Agile Humanitarian HR - Innovation
In my introduction on being an agile human resources unit, I listed the four qualities of HR agility as being adaptability, innovation, collaboration and speed. You can find my post where I talk about adaptability. This post focuses on innovation. For humanitarian organizations to survive and thrive in the 21st century, they need to be innovative in the delivery of their services to their beneficiaries. Beneficiaries are no longer seen as the poor recipients of aid, but as our “customers”. Yes, they are our clients and they need to be treated as such. We need to think of our staff in a similar way. Staff are the “customers” of our services. And our customers vary from being international or national staff, supervisors, and technical staff to drivers, guards and cleaners who may not be literate. Our customers are very diverse!
Like any business, you need to put yourself in the shoes of your customer, in this case, your staff. Some questions you need to ask yourself are:
- Are our services relevant and easy to use?
- Does our work with staff have a human touch?
- Does our staff seek us out for assistance and do they enjoy working with us.
An effective way to learn about the needs of your employee population and discover innovative and engaging solutions to those problems is to utilize a practice called Human Centered Design. This practice in the humanitarian sector has been popularized by IDEO.org, an organization that designs products and services to improve the lives of people living in poverty or vulnerable communities. Other organizations also incorporate human centered design into their product and service development such as Acumen and Google.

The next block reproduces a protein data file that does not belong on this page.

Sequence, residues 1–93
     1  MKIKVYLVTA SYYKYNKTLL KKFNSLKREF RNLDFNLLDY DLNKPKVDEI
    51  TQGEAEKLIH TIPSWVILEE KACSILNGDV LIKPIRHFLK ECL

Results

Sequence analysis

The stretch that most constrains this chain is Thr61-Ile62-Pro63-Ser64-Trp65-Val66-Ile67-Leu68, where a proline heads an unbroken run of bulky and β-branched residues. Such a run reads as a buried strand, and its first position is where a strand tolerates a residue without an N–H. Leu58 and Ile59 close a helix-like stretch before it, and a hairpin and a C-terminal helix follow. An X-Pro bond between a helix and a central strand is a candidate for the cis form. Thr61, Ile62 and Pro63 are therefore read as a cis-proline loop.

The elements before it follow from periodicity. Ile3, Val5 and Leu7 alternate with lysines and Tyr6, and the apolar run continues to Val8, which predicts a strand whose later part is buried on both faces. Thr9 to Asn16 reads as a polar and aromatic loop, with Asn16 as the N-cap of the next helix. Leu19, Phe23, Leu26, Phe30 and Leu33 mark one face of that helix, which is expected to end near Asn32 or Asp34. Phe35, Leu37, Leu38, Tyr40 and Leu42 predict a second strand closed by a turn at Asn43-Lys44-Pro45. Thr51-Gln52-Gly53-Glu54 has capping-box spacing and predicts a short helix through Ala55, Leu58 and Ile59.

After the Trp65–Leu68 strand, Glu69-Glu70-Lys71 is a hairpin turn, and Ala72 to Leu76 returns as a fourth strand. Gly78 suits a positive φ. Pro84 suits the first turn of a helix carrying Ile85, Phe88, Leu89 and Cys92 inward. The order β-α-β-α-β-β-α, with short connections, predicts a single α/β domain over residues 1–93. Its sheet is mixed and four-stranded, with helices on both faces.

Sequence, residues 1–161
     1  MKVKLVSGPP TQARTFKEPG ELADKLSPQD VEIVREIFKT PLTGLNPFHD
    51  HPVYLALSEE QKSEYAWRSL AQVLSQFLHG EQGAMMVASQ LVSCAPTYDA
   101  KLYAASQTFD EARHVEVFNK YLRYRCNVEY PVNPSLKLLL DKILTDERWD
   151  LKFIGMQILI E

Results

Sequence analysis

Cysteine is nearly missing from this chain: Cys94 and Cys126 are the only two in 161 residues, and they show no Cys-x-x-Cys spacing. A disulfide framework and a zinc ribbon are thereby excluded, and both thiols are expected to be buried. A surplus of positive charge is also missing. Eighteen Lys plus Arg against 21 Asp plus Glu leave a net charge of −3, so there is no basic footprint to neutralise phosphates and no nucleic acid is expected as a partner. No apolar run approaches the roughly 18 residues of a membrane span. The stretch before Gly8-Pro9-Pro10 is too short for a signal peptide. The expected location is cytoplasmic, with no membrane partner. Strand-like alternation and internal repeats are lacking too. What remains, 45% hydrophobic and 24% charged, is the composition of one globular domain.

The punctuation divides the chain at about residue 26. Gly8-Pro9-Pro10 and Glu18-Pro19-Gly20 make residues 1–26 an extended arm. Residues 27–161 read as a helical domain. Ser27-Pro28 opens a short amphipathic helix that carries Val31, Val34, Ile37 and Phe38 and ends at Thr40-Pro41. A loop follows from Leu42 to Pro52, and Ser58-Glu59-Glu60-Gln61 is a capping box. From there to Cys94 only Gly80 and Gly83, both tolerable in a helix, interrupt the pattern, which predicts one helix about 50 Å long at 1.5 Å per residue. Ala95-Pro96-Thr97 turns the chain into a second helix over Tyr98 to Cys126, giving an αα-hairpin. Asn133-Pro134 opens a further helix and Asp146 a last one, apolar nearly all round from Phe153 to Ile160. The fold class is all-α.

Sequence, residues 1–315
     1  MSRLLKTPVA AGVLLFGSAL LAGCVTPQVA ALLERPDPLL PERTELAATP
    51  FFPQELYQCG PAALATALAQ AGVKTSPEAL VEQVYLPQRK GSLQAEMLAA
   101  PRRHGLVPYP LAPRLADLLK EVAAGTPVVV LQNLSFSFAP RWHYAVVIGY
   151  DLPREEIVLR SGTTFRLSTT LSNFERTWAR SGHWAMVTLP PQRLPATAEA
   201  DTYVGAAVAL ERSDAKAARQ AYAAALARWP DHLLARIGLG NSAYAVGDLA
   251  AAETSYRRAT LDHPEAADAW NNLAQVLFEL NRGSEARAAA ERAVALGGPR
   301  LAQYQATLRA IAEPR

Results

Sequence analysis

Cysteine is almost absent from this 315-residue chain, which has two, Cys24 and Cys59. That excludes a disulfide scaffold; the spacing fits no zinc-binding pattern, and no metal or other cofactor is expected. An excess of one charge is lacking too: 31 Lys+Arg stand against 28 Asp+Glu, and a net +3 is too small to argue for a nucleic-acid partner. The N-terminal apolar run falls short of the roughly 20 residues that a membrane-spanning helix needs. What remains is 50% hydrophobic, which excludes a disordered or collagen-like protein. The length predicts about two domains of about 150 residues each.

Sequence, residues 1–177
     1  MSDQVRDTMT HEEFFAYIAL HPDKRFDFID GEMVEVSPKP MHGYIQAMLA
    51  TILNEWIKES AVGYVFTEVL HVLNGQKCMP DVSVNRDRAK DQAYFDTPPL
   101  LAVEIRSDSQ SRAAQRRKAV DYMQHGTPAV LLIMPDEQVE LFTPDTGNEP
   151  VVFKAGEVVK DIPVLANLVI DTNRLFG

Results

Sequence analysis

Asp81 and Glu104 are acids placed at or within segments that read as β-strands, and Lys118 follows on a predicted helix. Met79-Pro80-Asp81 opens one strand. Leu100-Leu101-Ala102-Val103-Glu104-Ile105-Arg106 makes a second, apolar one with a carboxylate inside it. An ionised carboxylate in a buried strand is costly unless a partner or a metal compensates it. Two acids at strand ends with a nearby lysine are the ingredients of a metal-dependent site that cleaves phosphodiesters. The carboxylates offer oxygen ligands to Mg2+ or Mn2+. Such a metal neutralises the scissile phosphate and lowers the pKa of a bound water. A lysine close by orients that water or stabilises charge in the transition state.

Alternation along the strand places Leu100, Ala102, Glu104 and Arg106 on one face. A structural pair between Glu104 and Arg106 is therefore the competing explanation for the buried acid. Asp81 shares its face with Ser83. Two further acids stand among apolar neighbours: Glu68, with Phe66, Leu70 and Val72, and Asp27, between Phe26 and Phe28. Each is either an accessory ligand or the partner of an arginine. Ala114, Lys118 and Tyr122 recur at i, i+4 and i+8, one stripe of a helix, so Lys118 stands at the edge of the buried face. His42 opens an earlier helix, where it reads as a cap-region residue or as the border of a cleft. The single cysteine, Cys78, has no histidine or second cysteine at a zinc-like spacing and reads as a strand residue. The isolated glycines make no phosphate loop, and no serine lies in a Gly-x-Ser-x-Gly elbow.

THE HUMAN CENTERED DESIGN PROCESS FOR INNOVATION
The human centered design approach to problem solving and service improvement provides a way to focus on employees and their work experiences to find effective and innovative solutions. The organizations that practice human-centered design tend to have similar processes that generally fall into the following three phases:
What is the problem or challenge you want to address? Or what service activity do you want to improve? Who should you be talking to? In this phase, Google staff look to their users, or customers. They look and listen and empathize with their users. Having an empathetic approach is key to understanding. Know your customer. What is the challenge? How do I approach it? Who do I talk to?
Review what you have learned in the discovery phase. Brainstorm ideas—big, bold and crazy ideas! Don’t pre-judge any of the ideas and don’t limit the number of ideas. Let the ideas flow. Google innovators think “10x” or they try to improve a process or product by 10 times! To learn how to run an effective brainstorming session, click on this brainstorming link: https://www.themuse.com/advice/how-to-brainstorm-like-google Try this method at your next brainstorming session.
After you have decided upon an idea, you need to test it. Share it with your users and get feedback. Be willing to make changes based on feedback. If it really isn’t working as you had planned, don’t be afraid to throw it out and start over.
For more information on the Human Centered Design Process, check out the list of free learning resources in the Resource section. You will find useful tools by IDEO and Acumen.
I look forward to hearing about the innovative ways you are tackling challenges in your organization!